Can technological progress be brought to a halt? Despairing technological determinists like philosopher Jacques Ellul feared that technology had escaped the bonds of human control and was now, in some sense, an autonomous force. In The Technological Society (1964), Ellul declared, "Modern technology has become a total phenomenon for civilization, the defining force of a new social order in which efficiency is no longer an option but a necessity imposed on all human activity." So in his view technological progress is, alas, inevitable. But is that so?
Northwestern University economist Joel Mokyr has written a remarkably interesting history of Western technological progress over the past two centuries, called The Gifts of Athena: Historical Origins of the Knowledge Economy (2002). Gifts masterfully analyzes how the growth of scientific and technological knowledge has underpinned 200 years of amazing economic growth in the West.
But why the West? "[T]he true key to the timing of the Industrial Revolution has to be sought in the scientific revolution of the seventeenth century and the Enlightenment movement of the eighteenth century. The key to the Industrial Revolution was technology, technology is knowledge," writes Mokyr. "The rate of technological development has been deeply affected by the fact that people who studied nature and those who were active in economic production have been, through most of history, by and large disjoint social groups."
The 18th century saw the rise of institutions in Europe that established firm linkages between scientific and economic actors. These included scientific societies like the British Royal Society and the convention that scientific knowledge be made public rather than kept secret. Eighteenth century Europe also fractured into many independent sovereignties at the conclusion of the religious wars that had wracked continent for the previous two centuries. This political diversity promoted greater freedom of thought among merchants, scientists, and other thinkers, who would often simply pick and up leave if the government of one place displeased them.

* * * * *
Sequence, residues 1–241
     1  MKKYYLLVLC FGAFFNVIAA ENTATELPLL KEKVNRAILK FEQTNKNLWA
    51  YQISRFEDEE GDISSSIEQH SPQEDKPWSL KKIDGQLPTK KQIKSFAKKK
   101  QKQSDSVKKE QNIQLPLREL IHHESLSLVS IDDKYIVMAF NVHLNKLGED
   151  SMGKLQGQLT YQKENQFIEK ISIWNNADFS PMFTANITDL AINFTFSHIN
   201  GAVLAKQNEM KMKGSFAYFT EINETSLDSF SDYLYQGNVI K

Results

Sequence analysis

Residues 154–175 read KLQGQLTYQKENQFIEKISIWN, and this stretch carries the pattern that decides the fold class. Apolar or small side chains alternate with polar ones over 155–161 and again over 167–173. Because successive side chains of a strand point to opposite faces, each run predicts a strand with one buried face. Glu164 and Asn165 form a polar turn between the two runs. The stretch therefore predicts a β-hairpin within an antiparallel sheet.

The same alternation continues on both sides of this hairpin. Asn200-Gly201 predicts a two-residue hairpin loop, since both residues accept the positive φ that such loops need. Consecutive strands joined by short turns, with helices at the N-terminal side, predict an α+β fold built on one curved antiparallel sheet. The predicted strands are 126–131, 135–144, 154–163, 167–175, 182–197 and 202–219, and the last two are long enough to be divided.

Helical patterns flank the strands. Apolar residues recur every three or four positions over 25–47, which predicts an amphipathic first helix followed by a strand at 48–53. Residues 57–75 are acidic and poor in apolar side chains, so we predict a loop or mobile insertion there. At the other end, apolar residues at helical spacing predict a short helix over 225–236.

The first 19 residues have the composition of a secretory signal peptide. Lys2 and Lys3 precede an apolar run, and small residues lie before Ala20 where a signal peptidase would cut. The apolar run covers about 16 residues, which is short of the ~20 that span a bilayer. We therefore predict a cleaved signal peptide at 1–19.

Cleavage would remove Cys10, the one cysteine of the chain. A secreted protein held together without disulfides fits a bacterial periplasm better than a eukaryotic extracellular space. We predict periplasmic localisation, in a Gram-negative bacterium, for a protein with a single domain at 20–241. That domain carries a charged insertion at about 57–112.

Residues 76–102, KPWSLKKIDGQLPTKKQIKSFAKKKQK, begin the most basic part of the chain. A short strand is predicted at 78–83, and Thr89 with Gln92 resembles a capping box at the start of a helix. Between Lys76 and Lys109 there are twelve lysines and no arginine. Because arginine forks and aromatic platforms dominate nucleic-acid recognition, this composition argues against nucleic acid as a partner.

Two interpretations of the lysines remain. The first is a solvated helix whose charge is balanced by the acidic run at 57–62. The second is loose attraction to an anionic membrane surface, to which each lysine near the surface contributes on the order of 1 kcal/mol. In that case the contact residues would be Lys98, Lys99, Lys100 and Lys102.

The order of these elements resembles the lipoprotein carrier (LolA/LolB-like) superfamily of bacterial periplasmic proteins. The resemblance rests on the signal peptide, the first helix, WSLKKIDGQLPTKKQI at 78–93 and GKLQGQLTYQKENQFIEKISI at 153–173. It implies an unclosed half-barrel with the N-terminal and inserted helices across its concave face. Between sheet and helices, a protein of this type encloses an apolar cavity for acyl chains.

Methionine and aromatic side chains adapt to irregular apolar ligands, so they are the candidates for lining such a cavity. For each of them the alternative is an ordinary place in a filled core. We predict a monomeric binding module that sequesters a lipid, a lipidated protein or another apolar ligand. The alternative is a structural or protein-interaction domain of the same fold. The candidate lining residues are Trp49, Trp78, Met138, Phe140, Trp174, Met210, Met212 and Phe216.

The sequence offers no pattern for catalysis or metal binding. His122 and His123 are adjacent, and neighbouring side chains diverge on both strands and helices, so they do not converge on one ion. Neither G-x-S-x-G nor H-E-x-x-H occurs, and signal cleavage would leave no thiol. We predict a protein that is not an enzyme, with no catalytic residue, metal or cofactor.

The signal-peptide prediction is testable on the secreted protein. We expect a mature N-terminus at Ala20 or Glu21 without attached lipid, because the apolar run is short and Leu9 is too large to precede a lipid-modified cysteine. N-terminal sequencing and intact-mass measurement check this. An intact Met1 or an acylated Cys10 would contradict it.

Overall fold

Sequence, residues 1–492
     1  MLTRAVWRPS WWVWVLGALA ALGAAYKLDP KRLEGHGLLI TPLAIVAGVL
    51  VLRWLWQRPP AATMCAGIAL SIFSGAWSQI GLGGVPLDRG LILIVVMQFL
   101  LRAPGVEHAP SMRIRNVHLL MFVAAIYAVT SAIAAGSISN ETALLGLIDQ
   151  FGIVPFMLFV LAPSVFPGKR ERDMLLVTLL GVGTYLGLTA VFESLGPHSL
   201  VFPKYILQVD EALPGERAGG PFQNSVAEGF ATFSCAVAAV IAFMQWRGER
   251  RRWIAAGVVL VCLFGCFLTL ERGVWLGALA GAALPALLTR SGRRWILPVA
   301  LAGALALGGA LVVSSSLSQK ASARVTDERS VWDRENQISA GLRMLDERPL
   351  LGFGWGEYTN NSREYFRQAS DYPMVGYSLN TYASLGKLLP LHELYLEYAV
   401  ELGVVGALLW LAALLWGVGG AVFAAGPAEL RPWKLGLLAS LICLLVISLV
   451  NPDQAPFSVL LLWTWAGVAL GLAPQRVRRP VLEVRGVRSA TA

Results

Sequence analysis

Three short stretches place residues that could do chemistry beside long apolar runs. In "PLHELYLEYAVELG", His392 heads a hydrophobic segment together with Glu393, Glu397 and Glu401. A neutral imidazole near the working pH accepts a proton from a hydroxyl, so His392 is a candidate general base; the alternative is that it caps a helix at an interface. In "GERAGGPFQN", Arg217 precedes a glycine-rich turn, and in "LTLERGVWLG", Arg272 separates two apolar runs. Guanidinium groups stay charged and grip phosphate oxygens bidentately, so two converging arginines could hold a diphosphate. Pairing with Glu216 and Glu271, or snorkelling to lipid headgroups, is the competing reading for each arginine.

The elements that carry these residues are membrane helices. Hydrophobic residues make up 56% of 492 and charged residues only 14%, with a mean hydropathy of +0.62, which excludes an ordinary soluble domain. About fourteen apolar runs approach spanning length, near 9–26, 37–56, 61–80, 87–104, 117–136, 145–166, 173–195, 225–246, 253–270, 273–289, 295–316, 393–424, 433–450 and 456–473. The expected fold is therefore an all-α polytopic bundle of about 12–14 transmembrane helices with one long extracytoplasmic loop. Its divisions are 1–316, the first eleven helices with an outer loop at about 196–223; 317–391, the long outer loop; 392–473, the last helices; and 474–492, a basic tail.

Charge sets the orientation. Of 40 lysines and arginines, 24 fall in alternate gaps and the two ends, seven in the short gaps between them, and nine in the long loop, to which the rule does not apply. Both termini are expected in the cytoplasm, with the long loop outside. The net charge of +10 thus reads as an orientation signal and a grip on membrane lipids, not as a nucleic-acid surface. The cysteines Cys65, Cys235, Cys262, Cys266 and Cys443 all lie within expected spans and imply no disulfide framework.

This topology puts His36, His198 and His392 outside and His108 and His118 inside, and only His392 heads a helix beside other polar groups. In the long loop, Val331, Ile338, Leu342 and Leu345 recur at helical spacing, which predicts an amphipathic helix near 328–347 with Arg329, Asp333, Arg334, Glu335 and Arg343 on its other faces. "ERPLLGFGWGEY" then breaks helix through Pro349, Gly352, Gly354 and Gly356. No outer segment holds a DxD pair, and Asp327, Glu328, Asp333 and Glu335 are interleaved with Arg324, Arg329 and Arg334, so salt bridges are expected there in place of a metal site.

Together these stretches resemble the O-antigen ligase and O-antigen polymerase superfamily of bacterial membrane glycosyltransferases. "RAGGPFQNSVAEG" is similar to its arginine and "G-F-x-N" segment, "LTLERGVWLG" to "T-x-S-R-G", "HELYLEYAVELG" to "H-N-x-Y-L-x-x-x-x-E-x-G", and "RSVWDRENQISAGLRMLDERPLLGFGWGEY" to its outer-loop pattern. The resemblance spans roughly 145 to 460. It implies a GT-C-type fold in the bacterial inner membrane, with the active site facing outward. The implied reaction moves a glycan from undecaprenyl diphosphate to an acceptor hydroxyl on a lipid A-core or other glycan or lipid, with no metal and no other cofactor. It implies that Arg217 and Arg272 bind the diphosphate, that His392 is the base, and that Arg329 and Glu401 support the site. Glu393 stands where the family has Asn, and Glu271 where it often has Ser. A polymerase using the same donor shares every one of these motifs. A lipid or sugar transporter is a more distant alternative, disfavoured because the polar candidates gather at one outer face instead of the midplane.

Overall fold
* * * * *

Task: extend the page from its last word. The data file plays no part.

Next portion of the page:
Useful knowledge, according to Mokyr, comes in two varieties. The first is propositional knowledge about natural phenomena and their regularities, e.g., the law of gravity and the germ theory of disease. Propositional knowledge can then be used to create instructional or prescriptive knowledge; that is, to develop such techniques as disinfectants to control germs. The new propositional knowledge was widely disseminated through a growing network of scientific and engineering journals and encyclopedias. These publications gave inventors cheap access to information, enabling them to develop new technologies such as steam engines, locomotives, canning, anesthesia, electric motors and lighting, and the production of nitrogen fertilizer.
History, according to Mokyr, shows that "technological progress in a society is by and large a temporary and vulnerable process, with many powerful enemies with a vested interest in the status quo or an aversion to change continuously threatening it. The net result is that changes in technology, the mainspring of economic progress, have been rare relative to what we now know human creativity is capable of, and that stasis or change at very slow rates has been the rule rather than the exception. It is our own age, and especially the rapid technological change in the Western world, that is the historical aberration."